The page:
Every solstice and equinox, an observance ceremony is held on a small Native American Effigy Mound known as Frank’s Hill in southwestern Wisconsin. The site is on the National Register of Historic Places, and considered sacred by many. The hill – part of the Shadewald Group – is owned by a local farmer named Frank Shadewald, who bought it in order to preserve it. On an adjacent mound, a series of what are known as ‘calendar mounds’ mark the rise and set of the sun at these key times of the year. If the weather is clear this winter solstice, visitors will be treated to seeing the sun align with the series of little bumps along the hilltop. At a time like this of collective mourning, I am reminded of this sacred place and the possibility it offers for solace and recovery.
I’ve known of Frank’s Hill for years, but it wasn’t until the first day of this year that I actually visited the site. It’s one of those oddities of human nature; we take for granted treasures in our own backyard. They seem ordinary and available, so we book a flight to Macchu Pichu instead of making a few hours’ drive north to visit a site of ancient beauty and soul.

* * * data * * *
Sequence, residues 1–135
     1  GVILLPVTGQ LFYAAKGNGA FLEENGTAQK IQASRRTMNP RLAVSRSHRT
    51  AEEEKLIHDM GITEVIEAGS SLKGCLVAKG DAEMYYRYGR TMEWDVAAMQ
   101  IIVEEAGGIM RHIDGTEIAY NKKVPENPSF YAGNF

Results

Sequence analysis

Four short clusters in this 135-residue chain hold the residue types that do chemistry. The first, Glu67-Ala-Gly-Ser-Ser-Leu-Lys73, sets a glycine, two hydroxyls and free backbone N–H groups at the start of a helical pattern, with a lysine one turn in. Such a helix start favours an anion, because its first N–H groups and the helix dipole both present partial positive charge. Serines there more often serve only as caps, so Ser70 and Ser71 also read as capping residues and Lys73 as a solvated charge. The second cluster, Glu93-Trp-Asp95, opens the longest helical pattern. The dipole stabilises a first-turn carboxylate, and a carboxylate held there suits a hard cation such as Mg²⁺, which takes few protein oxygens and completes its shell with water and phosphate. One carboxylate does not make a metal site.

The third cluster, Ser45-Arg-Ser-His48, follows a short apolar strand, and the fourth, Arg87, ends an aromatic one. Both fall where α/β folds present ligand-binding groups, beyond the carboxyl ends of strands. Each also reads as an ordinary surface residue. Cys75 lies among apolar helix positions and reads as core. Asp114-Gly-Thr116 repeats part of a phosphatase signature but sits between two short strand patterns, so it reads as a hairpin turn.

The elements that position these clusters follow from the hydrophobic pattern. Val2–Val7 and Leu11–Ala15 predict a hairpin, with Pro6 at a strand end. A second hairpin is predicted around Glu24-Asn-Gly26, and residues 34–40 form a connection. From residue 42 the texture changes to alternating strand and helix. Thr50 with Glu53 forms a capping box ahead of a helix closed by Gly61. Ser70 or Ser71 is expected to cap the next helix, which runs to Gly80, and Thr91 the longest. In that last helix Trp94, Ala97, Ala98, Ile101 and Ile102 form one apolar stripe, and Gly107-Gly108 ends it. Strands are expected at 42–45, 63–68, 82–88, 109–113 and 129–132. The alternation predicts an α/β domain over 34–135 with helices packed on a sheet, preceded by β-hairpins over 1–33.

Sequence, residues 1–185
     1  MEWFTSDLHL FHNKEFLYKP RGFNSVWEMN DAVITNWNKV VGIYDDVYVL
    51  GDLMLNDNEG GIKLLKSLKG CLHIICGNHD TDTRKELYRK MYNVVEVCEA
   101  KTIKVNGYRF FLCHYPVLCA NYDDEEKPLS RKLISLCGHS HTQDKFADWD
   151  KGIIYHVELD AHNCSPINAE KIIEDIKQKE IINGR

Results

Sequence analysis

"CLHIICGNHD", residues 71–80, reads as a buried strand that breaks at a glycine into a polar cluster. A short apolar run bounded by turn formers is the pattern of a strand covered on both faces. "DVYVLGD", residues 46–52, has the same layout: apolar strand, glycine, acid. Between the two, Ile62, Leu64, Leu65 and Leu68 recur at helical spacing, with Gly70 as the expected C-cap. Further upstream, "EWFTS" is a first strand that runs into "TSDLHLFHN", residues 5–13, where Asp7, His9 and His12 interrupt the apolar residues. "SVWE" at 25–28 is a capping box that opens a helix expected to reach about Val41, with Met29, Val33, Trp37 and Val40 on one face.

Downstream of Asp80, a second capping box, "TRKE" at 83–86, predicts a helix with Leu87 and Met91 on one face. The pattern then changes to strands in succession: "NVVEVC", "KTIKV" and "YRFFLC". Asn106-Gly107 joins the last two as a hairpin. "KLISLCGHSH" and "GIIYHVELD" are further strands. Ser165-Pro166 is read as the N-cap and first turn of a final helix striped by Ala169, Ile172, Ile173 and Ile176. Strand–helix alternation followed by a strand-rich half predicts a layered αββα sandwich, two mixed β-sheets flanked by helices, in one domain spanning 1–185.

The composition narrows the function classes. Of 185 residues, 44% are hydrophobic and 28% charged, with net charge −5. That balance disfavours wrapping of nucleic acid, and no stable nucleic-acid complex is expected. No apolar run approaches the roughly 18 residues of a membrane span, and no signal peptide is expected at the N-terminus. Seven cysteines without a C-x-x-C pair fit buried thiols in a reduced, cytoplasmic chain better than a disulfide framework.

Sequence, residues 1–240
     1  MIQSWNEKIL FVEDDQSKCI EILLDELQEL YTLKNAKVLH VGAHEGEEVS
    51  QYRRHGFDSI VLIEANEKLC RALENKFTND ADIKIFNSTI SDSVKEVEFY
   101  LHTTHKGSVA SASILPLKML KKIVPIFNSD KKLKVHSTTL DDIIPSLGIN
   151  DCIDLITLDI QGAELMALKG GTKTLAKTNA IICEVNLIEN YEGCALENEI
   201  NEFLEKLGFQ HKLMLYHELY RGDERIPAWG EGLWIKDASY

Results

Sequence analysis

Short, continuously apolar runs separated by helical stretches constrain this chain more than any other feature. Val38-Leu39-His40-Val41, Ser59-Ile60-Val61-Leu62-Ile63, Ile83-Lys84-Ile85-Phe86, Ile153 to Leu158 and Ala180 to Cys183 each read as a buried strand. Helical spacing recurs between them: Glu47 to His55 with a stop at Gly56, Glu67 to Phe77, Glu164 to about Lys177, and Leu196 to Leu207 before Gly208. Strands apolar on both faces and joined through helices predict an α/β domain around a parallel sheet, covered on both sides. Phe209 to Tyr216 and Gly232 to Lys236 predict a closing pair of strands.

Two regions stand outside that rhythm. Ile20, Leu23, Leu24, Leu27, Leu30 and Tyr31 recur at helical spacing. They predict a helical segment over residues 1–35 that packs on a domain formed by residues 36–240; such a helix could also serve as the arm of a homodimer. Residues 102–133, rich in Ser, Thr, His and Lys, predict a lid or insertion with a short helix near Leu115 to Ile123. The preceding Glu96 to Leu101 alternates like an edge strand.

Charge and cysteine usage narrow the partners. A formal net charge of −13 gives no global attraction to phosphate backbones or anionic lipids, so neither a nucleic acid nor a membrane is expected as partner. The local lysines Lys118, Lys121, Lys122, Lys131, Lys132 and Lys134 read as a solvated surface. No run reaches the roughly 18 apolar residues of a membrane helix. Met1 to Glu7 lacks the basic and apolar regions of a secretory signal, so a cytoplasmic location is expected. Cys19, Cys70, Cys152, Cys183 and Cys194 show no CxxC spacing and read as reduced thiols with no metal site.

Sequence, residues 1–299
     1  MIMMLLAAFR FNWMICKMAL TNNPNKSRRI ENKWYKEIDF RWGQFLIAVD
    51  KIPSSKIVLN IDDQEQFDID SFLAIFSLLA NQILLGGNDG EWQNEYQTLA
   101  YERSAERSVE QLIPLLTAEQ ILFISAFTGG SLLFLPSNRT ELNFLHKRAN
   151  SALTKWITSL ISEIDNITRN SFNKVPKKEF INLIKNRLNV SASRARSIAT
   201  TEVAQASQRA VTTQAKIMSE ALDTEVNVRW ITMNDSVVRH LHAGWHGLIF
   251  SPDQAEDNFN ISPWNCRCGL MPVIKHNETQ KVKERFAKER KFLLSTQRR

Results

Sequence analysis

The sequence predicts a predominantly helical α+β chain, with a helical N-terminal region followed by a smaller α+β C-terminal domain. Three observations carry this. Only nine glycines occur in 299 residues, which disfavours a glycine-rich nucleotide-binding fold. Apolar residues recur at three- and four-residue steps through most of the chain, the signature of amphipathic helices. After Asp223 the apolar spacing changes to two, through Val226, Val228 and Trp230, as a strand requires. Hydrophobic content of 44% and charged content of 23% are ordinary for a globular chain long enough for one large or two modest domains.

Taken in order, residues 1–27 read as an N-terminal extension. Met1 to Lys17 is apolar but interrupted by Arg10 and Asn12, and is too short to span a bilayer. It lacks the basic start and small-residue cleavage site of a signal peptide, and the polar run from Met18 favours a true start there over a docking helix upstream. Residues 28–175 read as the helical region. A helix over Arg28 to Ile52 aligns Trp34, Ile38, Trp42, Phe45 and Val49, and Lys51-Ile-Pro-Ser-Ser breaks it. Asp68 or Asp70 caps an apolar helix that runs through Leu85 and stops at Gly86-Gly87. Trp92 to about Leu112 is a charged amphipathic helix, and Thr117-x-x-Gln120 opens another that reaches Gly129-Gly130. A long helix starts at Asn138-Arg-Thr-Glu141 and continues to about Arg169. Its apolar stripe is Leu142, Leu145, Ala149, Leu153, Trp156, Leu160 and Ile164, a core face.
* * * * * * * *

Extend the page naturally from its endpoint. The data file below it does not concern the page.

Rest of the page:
As this year draws to a close, and the holiday season looms, I find myself thinking of the good places I went this year; places that nourished and rewarded, places I just might return. Frank’s Hill is one of these. My photographs below record two trips to the site this year; the first one was solitary and frozen; the second, its hot and amusing antithesis.
If you’d like to visit, there will be an observance of the solstice next weekend. Cultural Landscape Legacies has more information. Look under ‘events’.
Frank Shadewald always makes clear that people of all faiths are welcome. There’s healing to be found in this sacred place; and the return of lengthening light brings hope in dark days.